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View Full Version : Cow hocked TB- can it improve?



Right on Target
Aug. 6, 2011, 07:30 PM
This is my first post, so please be gentle.

I am looking at OTTB's and some young-ish unraced TB's for lower level eventing. Today I went to look at a TB that is 5 yrs old and well over 17hh. He was broke at 2, but never in race training or even registered. Now he's 5 and they pulled him out of the field 3 weeks ago and started riding him. I think they've pushed him along very fast since he has zero muscle- w-t-c and some jumping. He's also pretty underweight if that factors into it at all.

He is a fabulous mover in my opinion, and he's also super laid back, which I like. The only drawbacks I see in him are a slightly long back and that he stands cow hocked. I think it is not a true "cow hock" since his leg joints all line up, they just face outwards instead of forwards sometimes.

When he moves I don't see obvious twisting or anything, and I think he straightens up when in motion.

So the questions are:
1) is it possible that the cow hocked stance will improve with muscling and work?

2) for lower level eventing asperations are there serious soundness concerns with a cow hocked horse if work doesn't resolve it?

Thanks!

Highflyer
Aug. 6, 2011, 07:43 PM
No, his conformation is unlikely to improve-- but mild cow hocks would not bother me at all.

CatPS
Aug. 6, 2011, 07:52 PM
1) no.
2) generally no. ;) as long as it's not causing him to interfere, it wouldn't bother me. I would still vet him though.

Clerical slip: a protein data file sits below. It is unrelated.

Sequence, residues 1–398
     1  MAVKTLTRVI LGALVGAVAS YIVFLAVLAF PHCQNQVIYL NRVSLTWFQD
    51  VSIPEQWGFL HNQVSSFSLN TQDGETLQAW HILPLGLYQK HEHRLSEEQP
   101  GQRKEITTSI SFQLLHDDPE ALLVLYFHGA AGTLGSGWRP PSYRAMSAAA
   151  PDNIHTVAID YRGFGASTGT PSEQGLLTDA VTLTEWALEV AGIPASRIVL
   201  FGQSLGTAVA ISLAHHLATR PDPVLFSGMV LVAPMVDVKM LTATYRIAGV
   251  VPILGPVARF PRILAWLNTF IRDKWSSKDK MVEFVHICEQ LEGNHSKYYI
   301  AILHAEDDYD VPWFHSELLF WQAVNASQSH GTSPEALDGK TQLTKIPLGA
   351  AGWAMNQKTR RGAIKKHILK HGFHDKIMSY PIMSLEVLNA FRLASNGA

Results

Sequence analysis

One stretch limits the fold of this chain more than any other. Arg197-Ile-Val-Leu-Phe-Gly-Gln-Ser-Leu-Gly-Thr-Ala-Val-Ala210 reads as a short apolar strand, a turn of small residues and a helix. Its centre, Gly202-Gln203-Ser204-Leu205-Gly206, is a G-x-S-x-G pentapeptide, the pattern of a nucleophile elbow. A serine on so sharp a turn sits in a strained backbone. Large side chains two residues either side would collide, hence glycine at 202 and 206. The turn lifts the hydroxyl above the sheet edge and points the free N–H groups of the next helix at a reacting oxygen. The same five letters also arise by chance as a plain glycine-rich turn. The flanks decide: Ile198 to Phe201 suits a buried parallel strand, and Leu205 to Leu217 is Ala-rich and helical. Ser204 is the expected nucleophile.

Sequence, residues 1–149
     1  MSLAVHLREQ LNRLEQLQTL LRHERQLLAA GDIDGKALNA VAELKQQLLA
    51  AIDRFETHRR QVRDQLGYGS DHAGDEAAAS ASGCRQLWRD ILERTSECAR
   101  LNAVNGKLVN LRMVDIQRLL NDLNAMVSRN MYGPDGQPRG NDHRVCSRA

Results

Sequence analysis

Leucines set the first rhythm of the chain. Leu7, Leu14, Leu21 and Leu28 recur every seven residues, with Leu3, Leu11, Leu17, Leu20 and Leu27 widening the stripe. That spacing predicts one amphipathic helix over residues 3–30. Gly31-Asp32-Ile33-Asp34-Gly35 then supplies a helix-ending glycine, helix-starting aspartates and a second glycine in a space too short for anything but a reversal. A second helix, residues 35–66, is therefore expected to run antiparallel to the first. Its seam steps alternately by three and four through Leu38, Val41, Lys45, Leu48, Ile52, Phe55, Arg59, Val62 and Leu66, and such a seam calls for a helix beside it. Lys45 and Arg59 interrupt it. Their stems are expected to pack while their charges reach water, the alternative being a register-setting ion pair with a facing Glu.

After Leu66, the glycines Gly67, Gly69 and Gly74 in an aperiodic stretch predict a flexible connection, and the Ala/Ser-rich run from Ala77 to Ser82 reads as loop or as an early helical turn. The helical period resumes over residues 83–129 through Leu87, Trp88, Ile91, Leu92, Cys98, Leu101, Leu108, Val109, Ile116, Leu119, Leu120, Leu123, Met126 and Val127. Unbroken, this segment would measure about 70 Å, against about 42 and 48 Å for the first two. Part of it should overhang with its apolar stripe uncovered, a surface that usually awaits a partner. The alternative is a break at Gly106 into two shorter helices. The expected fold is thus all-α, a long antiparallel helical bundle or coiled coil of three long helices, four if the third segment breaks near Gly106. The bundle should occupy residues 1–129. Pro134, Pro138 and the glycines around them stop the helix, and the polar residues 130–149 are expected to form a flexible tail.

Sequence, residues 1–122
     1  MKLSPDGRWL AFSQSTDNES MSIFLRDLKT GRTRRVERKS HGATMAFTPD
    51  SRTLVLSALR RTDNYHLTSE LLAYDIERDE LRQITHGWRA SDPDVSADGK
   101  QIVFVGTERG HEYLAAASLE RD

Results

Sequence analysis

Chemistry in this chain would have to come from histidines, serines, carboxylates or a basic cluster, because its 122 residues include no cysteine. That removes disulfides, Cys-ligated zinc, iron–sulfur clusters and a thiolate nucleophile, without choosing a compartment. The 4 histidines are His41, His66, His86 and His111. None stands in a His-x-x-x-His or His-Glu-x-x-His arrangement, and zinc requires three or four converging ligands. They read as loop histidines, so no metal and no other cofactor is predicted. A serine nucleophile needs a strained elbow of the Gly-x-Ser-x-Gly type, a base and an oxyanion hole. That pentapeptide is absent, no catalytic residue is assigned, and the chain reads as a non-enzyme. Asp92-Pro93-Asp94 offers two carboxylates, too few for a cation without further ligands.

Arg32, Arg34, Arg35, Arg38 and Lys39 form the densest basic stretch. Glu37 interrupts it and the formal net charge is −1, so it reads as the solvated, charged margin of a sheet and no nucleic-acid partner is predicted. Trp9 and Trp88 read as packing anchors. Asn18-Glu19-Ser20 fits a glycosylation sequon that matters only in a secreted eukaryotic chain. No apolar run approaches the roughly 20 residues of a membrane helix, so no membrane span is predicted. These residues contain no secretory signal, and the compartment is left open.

cindywilson
Aug. 6, 2011, 07:58 PM
My OTTB is a 10yo and ran from 2-6 (stakes placed) staying sound the entire time. According to the trainer, the only maintenance was occasional hock injections "for maintenance." He is quite cow hocked, we've brought him up to Training Level now and he's (knock wood) stayed totally sound. So it really wouldn't put me off. Plenty of those w/ 'perfect' conformation don't last nearly as long.
Cindy

Right on Target
Aug. 6, 2011, 09:10 PM
Thank you everyone, I really appreciate your input!

GingerJumper
Aug. 6, 2011, 09:54 PM
I don't see it being a problem. My old jumper (schooled to 1.25-1.30 ish and did the Low Children's,) was cowhocked pretty noticeably (not horribly so but enough that it was obvious if he was standing) and it never bothered him soundness-wise or in his ability... As long as everything else is fine, cow hocks wouldn't worry me :)

Fred
Aug. 7, 2011, 10:15 AM
Even if he is genuinely cowhocked I wouldn't be too concerned, especially if he has so much else in his favour.

But, you mentioned that he is big, underdeveloped, undermuscled - so, I have to disagree (respectfully) that it won't improve. Sometimes it has to do with long legs and lack of mucle development.
So it MIGHT improve.


One of my youngsters as a 3yr old looked kind of cow-hocked - he was just big, long and lanky all over.
He went on to compete at Advanced AND is now (still) competing as a Grand Prix Jumper. So it didn't hold him back...in terms of soundness or ability.

Right on Target
Aug. 7, 2011, 03:37 PM
Thanks everyone for your help! I decided to buy him! I love his personality and since it seems that his cow-hocked conformation won't hurt him I went ahead and did it!